Generally there are one of two scenarios related to musculoskeletal pain and injury. Either there is not enough movement or there is too muchmovement. If a muscle is in spasm, if a joint is stuck, or if a muscle tendon unit has adaptively shortened in length are all examples of not having enough movement. If a muscle tendon unit has been strained, or if a joint ligament has been strained (torn) or a “pulled muscle” are examples of having too much movement.
Clients frequently report that one of the first actions they took to manage an injury was “I tried to stretch it out”. The concept of managing an injury by “stretching it out” is wide spread. The following are examples of comments of believing it is appropriate to “stretch it out”. I was playing tennis and “I pulled my calf, I felt something pop”. I tried to stretch it out, but it didn’t relieve the pain. “I have a strained hamstring, and I have been stretching the heck out of it, but it is not getting any better”. “I have plantar fasciitis, and I have been doing calf stretching 3 times a day, but the pain continues”
A common misconception is all musculoskeletal injuries should be‘stretched out”. If you feel/hear something pop and the calf hurts it mostlikely means something is torn. The logic of stretching a tissue that hasrecently been torn or strained escapes me. If joint motion is limitedbecause the joint is swollen stretching it out will not eliminate the swelling.If a painful joint has a loose body in a joint space (piece of cartilage)resulting in limited joint motion stretching it out will not eliminate theblockage. Trying to stretch out a joint that has a blockage (loosecartilage, or bone spur) is analogous to trying to shut a door when apencil is wedged between the door jam and the door, either the pencilwill get crunched and/or the door will be damaged.
There are times when stretching it out is a very appropriate treatment,such as, a classic muscle cramp, when a joint is stuck or frozen (adhered),or when a muscle tendon unit has adaptively shortened.In order to determine if stretching it out is appropriate it needs to bedetermined if there is too much movement or not enough movement. If there is not enough movement what is limiting the movement, will itrespond to stretching it out.
Distinguishing whether there is too much movement requires knowledgeof what is considered a normal amount of joint range of motion.Generally there is consensus among healthcare professionals as to whatis the normal amount of joint range of motion or joint flexibility for aparticular age, sex, and fitness level. If the injury and pain is on one side ofthe body the assumption is often made that the range of motion on thenon-injured side of the body is the normal amount of joint range ofmotion.
For example, when laying down it is expected that raising the leg straightup keeping the knee straight the leg will move to a vertical position (rightangle relative to the ground), this is considered a normal amount ofmotion and infers the hamstring muscle is normal length. If the hamstringmuscle has been strained this movement may be painful. If the activestraight leg raise goes beyond vertical it infers too much movement(relatively long hamstring) this may or not be painful. If the active straightleg raise can not achieve a vertical it infers a relatively short hamstringmuscle and this may or may not be painful.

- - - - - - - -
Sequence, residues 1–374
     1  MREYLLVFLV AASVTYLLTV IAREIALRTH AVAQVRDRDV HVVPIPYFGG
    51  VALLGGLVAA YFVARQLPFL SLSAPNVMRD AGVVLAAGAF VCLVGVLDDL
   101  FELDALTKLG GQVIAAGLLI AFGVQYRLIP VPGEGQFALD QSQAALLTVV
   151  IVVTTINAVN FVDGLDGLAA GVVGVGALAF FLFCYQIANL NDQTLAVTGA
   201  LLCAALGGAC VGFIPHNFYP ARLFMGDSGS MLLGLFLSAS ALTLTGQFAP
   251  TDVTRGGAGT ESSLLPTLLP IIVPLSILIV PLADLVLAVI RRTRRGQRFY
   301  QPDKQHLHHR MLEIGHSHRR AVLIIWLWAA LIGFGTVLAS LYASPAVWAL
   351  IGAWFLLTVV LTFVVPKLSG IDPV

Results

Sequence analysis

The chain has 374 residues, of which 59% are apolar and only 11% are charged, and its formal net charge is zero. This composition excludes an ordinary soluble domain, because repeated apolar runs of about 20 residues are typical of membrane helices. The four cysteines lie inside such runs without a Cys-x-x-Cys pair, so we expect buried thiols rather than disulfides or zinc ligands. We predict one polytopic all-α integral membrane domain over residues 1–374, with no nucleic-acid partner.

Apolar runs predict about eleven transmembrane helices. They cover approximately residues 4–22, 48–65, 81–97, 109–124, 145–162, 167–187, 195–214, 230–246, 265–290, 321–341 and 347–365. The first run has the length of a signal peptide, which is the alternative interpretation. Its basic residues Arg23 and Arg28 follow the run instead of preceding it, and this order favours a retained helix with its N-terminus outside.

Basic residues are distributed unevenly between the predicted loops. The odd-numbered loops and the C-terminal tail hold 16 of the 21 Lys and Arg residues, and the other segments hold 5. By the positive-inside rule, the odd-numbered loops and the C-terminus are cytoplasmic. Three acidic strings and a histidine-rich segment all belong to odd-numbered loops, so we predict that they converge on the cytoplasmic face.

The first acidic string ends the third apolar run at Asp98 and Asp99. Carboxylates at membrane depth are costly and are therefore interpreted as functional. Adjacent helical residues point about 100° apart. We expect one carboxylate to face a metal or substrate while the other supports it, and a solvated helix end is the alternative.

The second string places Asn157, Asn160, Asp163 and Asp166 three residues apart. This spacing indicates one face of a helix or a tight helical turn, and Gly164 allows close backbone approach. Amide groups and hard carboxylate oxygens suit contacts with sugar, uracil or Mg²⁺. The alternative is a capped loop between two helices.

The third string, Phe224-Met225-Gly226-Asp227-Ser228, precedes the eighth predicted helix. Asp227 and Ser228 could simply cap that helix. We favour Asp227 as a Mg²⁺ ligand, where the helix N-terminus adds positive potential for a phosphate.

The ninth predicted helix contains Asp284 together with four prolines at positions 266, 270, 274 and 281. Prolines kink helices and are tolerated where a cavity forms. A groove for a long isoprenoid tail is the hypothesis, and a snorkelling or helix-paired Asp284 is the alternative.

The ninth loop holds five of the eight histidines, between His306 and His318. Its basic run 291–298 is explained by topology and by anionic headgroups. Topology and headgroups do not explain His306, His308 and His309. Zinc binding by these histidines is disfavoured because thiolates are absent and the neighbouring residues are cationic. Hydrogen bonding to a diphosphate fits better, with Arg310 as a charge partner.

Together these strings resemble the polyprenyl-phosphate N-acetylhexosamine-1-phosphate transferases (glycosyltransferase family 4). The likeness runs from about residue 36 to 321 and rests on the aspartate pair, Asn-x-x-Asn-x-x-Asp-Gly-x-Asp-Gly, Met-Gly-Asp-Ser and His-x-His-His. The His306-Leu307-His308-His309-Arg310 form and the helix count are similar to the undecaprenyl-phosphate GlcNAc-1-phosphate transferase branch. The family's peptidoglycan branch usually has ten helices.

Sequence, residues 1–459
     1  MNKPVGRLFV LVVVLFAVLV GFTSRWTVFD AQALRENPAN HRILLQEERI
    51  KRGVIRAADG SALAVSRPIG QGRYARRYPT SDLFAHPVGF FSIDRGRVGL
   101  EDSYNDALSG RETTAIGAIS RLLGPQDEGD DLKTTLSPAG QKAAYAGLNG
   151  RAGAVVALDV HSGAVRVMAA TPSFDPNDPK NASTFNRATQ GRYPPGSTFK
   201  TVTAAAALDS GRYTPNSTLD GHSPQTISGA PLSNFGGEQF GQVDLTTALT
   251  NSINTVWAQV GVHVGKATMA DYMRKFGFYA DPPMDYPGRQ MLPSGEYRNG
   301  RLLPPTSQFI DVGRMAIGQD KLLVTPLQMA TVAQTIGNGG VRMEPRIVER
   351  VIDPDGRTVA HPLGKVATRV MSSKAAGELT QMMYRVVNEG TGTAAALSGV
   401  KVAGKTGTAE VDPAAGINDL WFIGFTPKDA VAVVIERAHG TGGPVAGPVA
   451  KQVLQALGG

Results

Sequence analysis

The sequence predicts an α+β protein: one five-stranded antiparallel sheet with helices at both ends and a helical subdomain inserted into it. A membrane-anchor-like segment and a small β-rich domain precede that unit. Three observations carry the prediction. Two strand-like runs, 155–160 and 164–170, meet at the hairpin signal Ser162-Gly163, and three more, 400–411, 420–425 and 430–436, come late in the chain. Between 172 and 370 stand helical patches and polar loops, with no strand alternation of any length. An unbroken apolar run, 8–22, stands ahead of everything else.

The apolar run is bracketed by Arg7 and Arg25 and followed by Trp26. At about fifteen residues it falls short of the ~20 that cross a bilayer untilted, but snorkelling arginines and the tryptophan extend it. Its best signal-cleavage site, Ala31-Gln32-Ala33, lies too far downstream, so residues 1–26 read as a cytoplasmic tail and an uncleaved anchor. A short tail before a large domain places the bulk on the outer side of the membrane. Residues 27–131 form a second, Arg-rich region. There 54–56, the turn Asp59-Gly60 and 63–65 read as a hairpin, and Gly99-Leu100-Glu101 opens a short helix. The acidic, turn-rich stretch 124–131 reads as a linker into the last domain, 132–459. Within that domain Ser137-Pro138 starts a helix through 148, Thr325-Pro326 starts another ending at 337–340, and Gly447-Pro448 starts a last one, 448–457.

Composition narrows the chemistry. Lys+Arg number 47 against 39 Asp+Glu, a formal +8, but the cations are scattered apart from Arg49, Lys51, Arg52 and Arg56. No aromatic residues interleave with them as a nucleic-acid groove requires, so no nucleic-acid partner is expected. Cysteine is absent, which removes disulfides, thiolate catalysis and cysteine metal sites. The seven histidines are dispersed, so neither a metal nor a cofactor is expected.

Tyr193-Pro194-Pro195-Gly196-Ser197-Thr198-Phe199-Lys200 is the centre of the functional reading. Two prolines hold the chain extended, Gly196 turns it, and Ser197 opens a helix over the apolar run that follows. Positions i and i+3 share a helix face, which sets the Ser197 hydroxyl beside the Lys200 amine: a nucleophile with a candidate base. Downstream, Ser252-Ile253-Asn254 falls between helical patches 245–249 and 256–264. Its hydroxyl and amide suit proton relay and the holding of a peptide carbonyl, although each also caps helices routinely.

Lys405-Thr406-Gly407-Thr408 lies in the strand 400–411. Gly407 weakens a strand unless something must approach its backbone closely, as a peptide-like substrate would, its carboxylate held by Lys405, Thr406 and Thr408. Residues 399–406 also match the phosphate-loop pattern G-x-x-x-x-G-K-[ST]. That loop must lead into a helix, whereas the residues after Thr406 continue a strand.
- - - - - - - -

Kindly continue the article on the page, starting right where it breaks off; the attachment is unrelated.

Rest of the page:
The human body is basically a closed system. If there is limited movementin one region of the body it is likely an adjacent region of the body there iscompensatory excessive movement. It has been hypothesized that withplantar fasciitis (pain on the bottom of the heel) there is limited movementof the ankle (short calf muscle), and compensatory strain and excessivemovement (excessive pronation) occurring in the foot and arch. Astandard treatment for this scenario is to use shoe therapy, orthotictherapy, arch strapping to immobilize the hyper-mobile foot, while doingcalf stretching exercises. There is evidence both supporting and refutingthis hypothesis. Studies have reported reduced ankle range of motion(short calf muscle) in the limb affected by heel pain compared with theunaffected limb and compared to healthy control subjects. In contraststudies reported ankle range of motion was the same in individuals withplantar fasciitis compared to control subjects. Therefore if you have heelpain (plantar fasciitis) do not assume it should be treated with stretchingexercise. An individual evaluation needs to determine if the calf muscle isshort not allowing enough movement of the ankle, and to determine ifthe plantar fascia tissue is short not allowing enough movement or toolong allowing too much movement.
In my experience most recreational athletes have a difficult time
accepting the recommendation that the most appropriate treatment is to
© Damien Howell MS, PT, OCS – www.damienhowellpt.com
rest and protect the injury, they prefer to keep moving and “stretch it out”.
My belief is “stretch it out” is not always the correct thing to do.
- If you experience a musculoskeletal injury do not automatically assume the best treatment is to “stretch it out”.
- If you experience a musculoskeletal injury determine am I experiencing pain because
- something is short, stiff, stuck
- something is loose, long, and lax
- something is both short, stiff, stuck and loose, long, and lax?
- If the problem is related to short, stiff, or stuck stretch it out.
- If the problem is related to loose, long and lax, support it protected, rest it do NOT stretch it out.
- If you are not sure whether to stretch it out or immobilize it error towards do no harm, do not stretch it out.
Damien Howell Physical Therapy – 804-647-9499 – Fax: 866-879-8591 At-Home, At Office, At Fitness Facility – I come to you, I do home visits Damien@damienhowellpt.com